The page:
Añejos | Sartell, MN
Authentic Margaritas & Classic Cuisine
When you’re a Mexican-born restaurant operator trying to make it in the Mexican restaurant industry in the States, keep one thing in mind: you won’t necessarily be making a whole lot of Mexican food.
“It’s not really, really authentic,” says Ramon Navarro, owner of Añejos restaurant in Sartell, Minn., of his restaurant’s fare. “But it’s what the people know and want. Where I’m from,” he innocently quips, “we don’t eat Chimichangas.”
They may not enjoy deep-fried burritos in Michoacán, Mexico – Ramon’s home state – but they do drink añejo. Lacking a direct English translation, “añejo” is an adjective most often associated with extra-aged, high-quality tequila. And tequila is what Ramon’s team does best.
“We are one of two places in Minnesota to stock the Jose Cuervo Limited Edition, extra añejo tequila,” boasts Ramon, “which runs at a list price of $2,250 per bottle.”
Unlike most Mexican restaurants in the U.S., Añejos makes its margaritas with freshly squeezed lime and orange juices, along with a variety of high quality – rather, añejo – tequilas. “People love our margaritas,” says Ramon. “We have a lot of pride in them.”
Ramon immigrated to the United States from Michoacán, Mexico and began his restaurant career soon after arriving. From washing dishes to bussing tables to serving patrons and eventually managing multiple establishments owned by friends, Ramon worked his way up the ladder throughout the Midwest and eventually landed in Minnesota.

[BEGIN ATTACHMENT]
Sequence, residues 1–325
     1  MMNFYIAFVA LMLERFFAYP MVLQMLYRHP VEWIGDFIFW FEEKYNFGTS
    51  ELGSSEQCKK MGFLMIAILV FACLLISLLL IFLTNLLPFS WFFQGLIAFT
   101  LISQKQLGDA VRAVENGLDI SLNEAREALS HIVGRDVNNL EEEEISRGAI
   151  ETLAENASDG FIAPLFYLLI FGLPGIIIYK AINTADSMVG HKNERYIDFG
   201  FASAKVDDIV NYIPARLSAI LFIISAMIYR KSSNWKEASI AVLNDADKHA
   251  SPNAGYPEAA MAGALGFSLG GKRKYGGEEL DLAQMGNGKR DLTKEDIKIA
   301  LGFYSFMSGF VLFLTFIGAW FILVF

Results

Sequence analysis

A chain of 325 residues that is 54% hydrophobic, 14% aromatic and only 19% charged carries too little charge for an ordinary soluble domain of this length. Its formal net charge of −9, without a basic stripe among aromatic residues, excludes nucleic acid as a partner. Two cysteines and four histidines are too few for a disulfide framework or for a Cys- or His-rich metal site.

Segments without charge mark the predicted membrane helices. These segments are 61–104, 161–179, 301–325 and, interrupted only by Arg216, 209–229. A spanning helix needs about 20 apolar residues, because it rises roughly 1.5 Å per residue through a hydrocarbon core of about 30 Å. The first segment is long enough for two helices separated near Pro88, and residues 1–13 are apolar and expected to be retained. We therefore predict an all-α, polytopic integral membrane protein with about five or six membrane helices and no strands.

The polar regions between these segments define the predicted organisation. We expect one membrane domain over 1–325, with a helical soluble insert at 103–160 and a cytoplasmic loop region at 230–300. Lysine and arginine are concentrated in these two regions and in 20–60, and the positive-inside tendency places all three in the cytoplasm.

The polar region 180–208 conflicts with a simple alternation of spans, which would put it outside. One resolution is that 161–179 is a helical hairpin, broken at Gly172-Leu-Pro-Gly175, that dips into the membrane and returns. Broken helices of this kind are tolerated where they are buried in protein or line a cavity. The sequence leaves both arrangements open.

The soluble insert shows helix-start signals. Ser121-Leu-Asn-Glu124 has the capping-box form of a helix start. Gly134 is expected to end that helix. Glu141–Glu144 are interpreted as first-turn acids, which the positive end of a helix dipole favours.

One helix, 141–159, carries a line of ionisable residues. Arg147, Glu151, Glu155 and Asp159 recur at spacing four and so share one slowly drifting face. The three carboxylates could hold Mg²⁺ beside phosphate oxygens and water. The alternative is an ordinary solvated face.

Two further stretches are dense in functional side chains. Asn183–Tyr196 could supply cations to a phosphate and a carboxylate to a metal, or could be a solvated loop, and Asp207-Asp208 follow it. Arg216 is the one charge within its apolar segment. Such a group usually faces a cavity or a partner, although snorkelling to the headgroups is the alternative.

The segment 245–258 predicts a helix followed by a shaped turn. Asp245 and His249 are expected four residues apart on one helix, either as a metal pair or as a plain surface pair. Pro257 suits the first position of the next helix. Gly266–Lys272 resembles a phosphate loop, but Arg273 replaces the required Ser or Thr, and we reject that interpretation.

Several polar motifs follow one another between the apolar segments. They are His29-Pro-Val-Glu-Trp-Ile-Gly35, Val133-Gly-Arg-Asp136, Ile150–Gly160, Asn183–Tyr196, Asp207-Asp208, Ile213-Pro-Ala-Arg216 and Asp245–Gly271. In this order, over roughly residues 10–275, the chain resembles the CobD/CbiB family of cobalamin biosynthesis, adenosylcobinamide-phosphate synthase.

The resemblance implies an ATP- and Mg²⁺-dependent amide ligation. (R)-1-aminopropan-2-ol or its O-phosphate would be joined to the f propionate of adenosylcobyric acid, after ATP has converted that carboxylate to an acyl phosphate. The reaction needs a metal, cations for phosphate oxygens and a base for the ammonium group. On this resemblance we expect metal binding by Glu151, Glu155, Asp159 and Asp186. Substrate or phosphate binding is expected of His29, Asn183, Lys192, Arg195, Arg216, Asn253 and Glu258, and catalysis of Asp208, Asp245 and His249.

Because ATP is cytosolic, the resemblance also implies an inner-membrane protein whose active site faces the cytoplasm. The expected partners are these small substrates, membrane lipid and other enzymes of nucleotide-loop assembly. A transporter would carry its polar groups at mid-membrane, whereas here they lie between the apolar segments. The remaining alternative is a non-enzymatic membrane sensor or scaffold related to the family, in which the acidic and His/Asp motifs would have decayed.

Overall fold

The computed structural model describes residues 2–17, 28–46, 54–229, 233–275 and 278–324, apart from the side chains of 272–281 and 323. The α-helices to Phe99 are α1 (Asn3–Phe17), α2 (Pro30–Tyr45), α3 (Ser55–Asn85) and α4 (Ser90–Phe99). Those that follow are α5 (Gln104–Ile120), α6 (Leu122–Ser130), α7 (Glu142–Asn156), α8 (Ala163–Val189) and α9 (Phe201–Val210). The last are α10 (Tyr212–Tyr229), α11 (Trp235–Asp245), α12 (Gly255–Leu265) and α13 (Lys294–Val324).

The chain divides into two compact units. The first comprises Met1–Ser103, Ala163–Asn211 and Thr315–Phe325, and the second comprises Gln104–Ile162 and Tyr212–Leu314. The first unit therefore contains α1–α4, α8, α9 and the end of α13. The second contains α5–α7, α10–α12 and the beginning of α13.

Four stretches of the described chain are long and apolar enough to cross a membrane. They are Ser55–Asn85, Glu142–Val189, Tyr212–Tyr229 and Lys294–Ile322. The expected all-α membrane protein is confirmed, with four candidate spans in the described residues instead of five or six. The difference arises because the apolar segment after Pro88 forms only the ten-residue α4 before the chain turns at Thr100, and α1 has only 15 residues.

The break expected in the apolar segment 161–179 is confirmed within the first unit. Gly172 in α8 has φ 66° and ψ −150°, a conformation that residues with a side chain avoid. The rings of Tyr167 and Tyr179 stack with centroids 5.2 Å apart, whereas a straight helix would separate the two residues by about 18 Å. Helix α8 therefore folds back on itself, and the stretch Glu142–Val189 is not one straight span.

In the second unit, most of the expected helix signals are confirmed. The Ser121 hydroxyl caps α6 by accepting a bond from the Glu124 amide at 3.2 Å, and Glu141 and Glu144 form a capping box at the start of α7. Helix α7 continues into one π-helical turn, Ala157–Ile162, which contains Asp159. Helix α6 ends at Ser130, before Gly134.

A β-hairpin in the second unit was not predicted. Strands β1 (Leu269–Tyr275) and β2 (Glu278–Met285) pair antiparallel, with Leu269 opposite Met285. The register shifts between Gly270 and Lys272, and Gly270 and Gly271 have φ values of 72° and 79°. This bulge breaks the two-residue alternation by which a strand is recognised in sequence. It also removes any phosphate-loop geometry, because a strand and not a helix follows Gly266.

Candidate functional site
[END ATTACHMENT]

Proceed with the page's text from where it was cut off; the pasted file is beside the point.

“When we opened [Añejos],” he says, “I called my friends from all the different restaurants I’d worked in, and I hired the best employees I knew.” Ramon then proceeded to rent space in a building that had seen three restaurants fail. “A lot of people didn’t believe in me,” he remembers. “They said, ‘he’s not smart, he’s not gonna make it.” Many of the current Añejos employees were part of the group that opened the restaurant and proved the non-believers wrong. Ramon calls them family.
Located smack dab in the middle of Minnesota, in a town of roughly 17,000 called Sartell, Añejos has thrived even in a building that has seen many restaurants fail. But Ramon can’t tell you much more than that about his home, despite having lived there for over three years now. “I just work every day,” he says. “I get in at 9 AM and we finish around 10 or 11 at night.”
Luckily, Ramon’s wife and two adult daughters work at the restaurant, too, and his younger teenage children help out around the restaurant when they aren’t too busy with school. “I’m teaching [my kids] how money is made, teaching them the value of work,” Ramon says. “And, truthfully,” he adds, “no one sees it as my restaurant. It’s ours.”
- Author: Liz Avera
- Posted: July 14, 2016
- Categories: In Our Communities, VOL 4 - ISSUE 3 • SUMMER 2016